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Last Reviewed on June 19, 2019, by eNotes Editorial. Word Count: 344

Muriel Gray’s novel explores the Trickster figure of Native North American mythology by placing this character in the late 20th century. The protagonist, Sam Hunt, is a Native American man whose encounters with the Trickster help and hinder his survival within dominant white society. The Trickster can adapt at will to diverse circumstances, often through assuming disguises. Its essential nature is to make mischief by deceiving those it encounters, both for its own benefit and to aid the unfortunate. Gray emphasizes the harmful aspects of the Trickster’s intentions and behavior.

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In her fictional treatment, the Trickster has been imprisoned in Alberta, Canada for nearly 100 years. It manages to escape and, using various disguises, begins to murder its enemies and random targets. At the same time, Sam Hunt, a Kinchuinick man, starts having blackouts. The author draws a parallel between his ambivalent attitude toward his Native identity and the Trickster’s changes in identity.

Sam, who works on the grounds of a ski company, is married to a white woman; they have two children. One of his burdens is the legacy of his shaman great-grandfather, who was partly responsible for incarcerating the Trickster. Even more problematic, he had been blamed for causing the death of several workers during railroad tunnel construction. Sam’s grandfather, also a Kinchuinick, continued the family’s shaman tradition. The great family tragedy, however, was that Sam’s father, an alcoholic, had killed his own father and abused his son. In his effort to escape and rebuild his life, Sam not only left the reservation but rejected his Native heritage. He even changed his last name from Hunting Wolf to Hunt.

These steps helped him avoid but not resolve his inner conflicts, which seem to be fueling the Trickster’s homicidal urges. The dreams that his son has, which connect Sam and the Trickster, imply that Billy has inherited shamanic gifts. Another elderly shaman comes forward to aid them in the struggle against the Trickster, which Sam must ultimately face alone and, in conquering it, resume his Native identity.


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Last Updated on May 7, 2015, by eNotes Editorial. Word Count: 477

InThe Trickster, Muriel Gray uses the structure of the supernatural horror story to probe issues regarding Native North American identity in the twentieth century. The experiences of the novel’s protagonist, Sam Hunt, crystallize the problems of Native North Americans living in white society and general concerns about the ramifications of cultural assimilation.

The trickster, a creature mentioned in many tribal mythologies, is notorious for adopting disguises in order to deceive its victims. Although legends of the trickster often portray it as mischievous, Gray presents it as a malevolent meddler in conflicts of interest between Native North Americans and white society. The novel opens with the accidental liberation of the trickster from Wolf Mountain, a stronghold in the Alberta province of Canada where it has been imprisoned for nearly a century. In the guises of a number of different people, the creature embarks upon a rampage of gruesome murders, all of which coincide with blackouts experienced by Sam Hunt, a member of the Kinchuinick tribe whose ambivalence toward his tribal heritage is mirrored in the trickster’s shifting identities.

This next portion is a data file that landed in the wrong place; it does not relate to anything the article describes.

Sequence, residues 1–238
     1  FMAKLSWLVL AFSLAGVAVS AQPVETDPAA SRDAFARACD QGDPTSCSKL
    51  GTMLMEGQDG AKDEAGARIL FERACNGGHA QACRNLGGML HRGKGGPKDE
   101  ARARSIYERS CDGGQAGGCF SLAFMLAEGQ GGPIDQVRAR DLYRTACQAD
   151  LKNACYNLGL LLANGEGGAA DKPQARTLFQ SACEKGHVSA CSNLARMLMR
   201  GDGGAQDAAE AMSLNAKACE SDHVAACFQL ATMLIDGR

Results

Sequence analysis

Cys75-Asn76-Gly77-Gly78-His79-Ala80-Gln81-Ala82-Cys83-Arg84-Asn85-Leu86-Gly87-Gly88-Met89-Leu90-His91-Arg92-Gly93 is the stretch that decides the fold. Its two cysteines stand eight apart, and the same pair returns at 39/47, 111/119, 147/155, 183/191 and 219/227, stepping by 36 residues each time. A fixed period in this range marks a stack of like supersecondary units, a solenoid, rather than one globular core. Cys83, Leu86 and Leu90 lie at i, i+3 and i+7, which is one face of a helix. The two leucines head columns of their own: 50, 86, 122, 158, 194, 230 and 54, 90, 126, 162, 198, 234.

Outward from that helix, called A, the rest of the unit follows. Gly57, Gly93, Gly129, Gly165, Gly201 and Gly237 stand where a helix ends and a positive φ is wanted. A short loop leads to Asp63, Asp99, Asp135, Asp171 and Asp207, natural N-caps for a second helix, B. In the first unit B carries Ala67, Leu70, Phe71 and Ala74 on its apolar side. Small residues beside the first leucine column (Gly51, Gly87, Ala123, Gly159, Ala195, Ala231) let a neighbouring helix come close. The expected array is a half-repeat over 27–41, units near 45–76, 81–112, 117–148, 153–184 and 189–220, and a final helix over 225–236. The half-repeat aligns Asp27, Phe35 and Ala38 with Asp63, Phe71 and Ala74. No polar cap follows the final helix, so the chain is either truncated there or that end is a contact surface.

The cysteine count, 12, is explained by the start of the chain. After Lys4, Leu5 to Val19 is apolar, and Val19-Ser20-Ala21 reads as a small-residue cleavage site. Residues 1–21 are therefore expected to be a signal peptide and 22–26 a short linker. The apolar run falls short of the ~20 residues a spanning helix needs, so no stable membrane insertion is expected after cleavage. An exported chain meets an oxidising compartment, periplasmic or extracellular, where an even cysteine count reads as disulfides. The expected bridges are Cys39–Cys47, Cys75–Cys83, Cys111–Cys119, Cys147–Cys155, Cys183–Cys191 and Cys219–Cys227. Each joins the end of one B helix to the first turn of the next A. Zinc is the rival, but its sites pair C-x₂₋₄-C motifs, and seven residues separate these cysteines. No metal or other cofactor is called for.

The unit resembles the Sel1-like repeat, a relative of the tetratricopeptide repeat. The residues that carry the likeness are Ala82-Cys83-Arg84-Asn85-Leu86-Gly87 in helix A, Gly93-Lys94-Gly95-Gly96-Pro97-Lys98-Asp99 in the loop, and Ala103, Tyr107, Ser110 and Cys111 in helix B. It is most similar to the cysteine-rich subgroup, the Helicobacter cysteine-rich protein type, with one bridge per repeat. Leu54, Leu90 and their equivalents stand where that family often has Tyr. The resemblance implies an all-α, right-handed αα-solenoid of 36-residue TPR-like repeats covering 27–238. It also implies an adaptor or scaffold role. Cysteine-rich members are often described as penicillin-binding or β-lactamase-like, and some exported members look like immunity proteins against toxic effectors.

To all outward appearances, Sam is an easygoing man who is content with his job as a grounds groomer for the Silver Ski Company and his role as husband and the father of two children. Sam, however, is still struggling to deny his family’s history, which encapsulates the plight of Native North Americans in the twentieth century. Sam’s great grandfather, a Kinchuinick shaman, helped inter the trickster in 1907, but was blamed by a railroad magnate building a tunnel through Wolf Mountain for the deaths of several workers. Sam’s grandfather continued the family’s shaman tradition on the tribal reservation but was murdered by his own son, Sam’s father, an alcoholic who mercilessly abused Sam. Sam fled the reservation and repudiated his Kinchuinick heritage by shortening the family name from Hunting Wolf to Hunt and marrying a white woman.

As events force Sam to confront his past, he realizes that he still wrestles with many unresolved conflicts regarding his heritage. These conflicts are fueling the trickster’s murder spree. More important, Sam’s son Billy is having dreams and visions about the trickster’s hold on his father, which suggests that the family’s shaman trait lives on, despite Sam having turned his back on it. When Calvin Bitterhand, the shaman who was charged with instructing Sam in his grandfather’s skills, contacts Sam, Sam grudgingly accepts responsibility to help lay the trickster to rest.

The novel ends with a final battle between Sam and the trickster in the tunnels of Wolf Mountain. The battle recapitulates the experience of his great grandfather. Its resolution has as much to do with Sam coming to terms with his past and re-embracing the culture he has spurned as it is does with the exorcism of an evil spirit.

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